This article is an excerpt from the Shortform book guide to "The Great Mental Models Volume 1" by Shane Parrish and Rhiannon Beaubien. Shortform has the world's best summaries and analyses of books you should be reading.
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What’s first-principles thinking? How can it help you think for yourself and more effectively?
In The Great Mental Models Volume 1, Shane Parrish and Rhiannon Beaubien discuss how and why to think with mental models. Thinking from first principles is one of their foundational models.
Read more to learn what first-principles thinking is and how to apply it in your own life.
When examining any problem, start with the basic facts or bedrock assumptions of the discipline or field. These are called first principles—in other words, the fundamentals of the discipline or domain. For instance, the first principles of conversation involve active listening and respect for your conversational partner. By thinking from first principles, you ensure that anything you do is built upon a solid, proven foundation.
(Shortform note: One notable attempt to derive first principles is the linguistic theory of a “Universal Grammar,” most associated with Noam Chomsky. This theory sought to find the basic, bedrock grammatical rules that, in theory, are common to all languages. While it found early success, UG has come under criticism in recent years, with scholars noting the ambiguity and confusion surrounding what the proposed basic principles are and how they work. This suggests that searching for universal principles is difficult, and perhaps impossible—so in practice, focus on finding what works in your given situation.)
According to the authors, starting from the fundamentals enables you to think for yourself. Typically, we see the world through a layer of inherited ideas and assumptions that influences how we think. But, if you start from the bedrock facts, you can devise solutions that are independent of cultural conventions. This is the difference between knowing how to follow established rules and knowing enough to improvise your own solutions—the difference between a cook who can only follow recipes and a chef who understands how to create delicious food without directions.
|First Principles in Chess|
In The Art of Learning, Josh Waitzkin explains how he started his journey to chess mastery by studying the basic elements of the skill—in other words, the first principles. In chess, you learn first principles by studying simple situations that demonstrate the core capabilities of each piece. From each situation, you learn what each piece can and can’t do, as well as how they relate to one another.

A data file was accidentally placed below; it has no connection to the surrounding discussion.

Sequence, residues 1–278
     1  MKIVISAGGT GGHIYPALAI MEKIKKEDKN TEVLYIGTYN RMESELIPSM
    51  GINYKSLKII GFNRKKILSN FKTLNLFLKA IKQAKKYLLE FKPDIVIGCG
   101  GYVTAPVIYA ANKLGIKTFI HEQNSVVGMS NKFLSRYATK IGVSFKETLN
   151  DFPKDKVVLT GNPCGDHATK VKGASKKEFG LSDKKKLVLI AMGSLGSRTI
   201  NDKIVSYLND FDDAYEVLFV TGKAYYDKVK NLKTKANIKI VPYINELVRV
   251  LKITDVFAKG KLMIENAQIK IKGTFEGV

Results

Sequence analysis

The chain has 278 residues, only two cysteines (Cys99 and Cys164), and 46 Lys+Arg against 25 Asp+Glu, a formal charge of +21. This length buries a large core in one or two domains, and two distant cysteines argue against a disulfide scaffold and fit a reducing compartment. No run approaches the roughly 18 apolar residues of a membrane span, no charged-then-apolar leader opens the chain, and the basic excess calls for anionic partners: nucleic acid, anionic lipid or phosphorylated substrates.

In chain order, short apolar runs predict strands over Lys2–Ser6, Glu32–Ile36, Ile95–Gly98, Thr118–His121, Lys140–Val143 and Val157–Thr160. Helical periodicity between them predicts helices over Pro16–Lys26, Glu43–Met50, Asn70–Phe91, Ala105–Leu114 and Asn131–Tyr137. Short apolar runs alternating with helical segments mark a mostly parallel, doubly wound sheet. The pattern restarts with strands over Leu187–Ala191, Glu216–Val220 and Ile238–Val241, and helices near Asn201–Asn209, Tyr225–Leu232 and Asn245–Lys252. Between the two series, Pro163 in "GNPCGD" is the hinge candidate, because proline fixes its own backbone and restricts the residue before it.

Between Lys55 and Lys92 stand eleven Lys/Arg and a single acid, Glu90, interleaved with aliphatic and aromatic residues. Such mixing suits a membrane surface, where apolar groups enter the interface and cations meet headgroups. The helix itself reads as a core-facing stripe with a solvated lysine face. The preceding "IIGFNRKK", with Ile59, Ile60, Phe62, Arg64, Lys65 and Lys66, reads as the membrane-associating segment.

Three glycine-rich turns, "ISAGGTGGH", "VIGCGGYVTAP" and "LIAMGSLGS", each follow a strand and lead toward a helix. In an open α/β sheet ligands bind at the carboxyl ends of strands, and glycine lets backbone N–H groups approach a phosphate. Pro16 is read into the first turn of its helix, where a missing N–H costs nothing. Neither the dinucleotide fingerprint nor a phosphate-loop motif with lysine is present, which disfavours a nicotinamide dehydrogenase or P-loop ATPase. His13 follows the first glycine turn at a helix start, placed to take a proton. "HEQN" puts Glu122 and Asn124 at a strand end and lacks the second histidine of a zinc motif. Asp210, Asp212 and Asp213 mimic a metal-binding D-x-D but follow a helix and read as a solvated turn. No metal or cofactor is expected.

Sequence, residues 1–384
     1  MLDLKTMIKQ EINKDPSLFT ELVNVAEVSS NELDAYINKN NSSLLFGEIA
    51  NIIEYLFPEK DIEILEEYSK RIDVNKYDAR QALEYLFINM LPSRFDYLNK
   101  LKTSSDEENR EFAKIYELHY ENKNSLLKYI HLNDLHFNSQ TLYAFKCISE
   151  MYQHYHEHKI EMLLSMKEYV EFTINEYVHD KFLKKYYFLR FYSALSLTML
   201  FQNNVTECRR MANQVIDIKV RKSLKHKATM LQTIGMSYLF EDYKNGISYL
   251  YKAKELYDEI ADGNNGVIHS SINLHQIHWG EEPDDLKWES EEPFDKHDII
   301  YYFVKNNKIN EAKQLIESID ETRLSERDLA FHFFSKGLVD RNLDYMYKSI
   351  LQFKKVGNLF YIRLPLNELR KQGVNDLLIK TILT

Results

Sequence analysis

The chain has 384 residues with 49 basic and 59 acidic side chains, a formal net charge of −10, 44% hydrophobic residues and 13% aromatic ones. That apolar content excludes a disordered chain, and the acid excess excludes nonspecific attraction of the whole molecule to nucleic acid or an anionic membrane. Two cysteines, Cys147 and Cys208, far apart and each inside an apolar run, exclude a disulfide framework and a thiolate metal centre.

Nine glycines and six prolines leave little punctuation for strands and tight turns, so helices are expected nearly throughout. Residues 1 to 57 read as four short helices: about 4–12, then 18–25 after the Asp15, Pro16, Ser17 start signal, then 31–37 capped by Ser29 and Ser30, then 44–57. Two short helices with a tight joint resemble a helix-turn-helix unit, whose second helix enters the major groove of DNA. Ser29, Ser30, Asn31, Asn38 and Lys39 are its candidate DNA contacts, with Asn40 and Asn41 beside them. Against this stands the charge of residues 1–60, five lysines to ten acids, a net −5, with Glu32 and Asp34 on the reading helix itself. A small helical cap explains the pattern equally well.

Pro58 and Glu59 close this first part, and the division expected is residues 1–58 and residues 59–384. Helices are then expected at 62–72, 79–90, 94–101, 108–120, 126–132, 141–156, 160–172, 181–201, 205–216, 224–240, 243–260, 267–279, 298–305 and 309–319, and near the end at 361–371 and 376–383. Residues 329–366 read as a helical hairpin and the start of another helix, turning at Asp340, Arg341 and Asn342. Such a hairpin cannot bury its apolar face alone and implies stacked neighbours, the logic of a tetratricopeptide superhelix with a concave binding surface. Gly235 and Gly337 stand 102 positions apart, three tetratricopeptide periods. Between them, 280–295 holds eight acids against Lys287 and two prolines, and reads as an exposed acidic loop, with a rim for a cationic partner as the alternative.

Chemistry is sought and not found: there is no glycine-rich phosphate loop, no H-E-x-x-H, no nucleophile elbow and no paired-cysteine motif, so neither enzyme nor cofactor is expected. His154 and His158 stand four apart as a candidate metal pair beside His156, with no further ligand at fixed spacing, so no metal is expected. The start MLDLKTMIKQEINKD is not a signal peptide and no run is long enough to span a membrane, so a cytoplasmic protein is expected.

For instance, Waitzkin first studied King-Pawn versus King. In this situation, the objective is to understand how you can trap the lone king with your king and pawn. By practicing the situation diligently, you learn the strengths and limitations of each piece, and you discern the principles that govern the interaction. Once you understand that principle, you can move on to a different elemental situation.
Further, Waitzkin explains that understanding these underlying principles gives you a deeper understanding of chess strategy. While a player who simply memorizes moves will fail when his rote strategy falls apart, a player who understands principles can recognize them at play and adapt his strategy on the fly. Fundamentals enable you to see what’s going on beneath the surface and adapt.
Applying this model: While there’s not always an easy way to find first principles, the authors recommend that you start by questioning what you believe to be fundamental. Often, you’ll find that supposedly bedrock principles are just conventions or unexamined beliefs. Keep questioning these, and you’ll eventually reach a handful of concepts that you can’t reduce any further. For instance, the fundamentals of cooking are four basic elements: salt, fat, acid, and heat. Knowing these, you can apply them by experimenting to figure out how they relate and suggest secondary and tertiary principles.
(Shortform note: Some fields and skills, such as physics, chess, or classical music, have established fundamentals. For instance, chess fundamentals include “control the center” and “tie up two opposing pieces with one.” None of these are obvious at first glance, so don’t stress about finding first principles right away—it can take many people and many years to establish truly bedrock, reliable fundamentals.)
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Here's what you'll find in our full The Great Mental Models Volume 1 summary:
- What mental models are and how they work
- How to make better decisions by using mental models
- How to use your imagination to evaluate your choices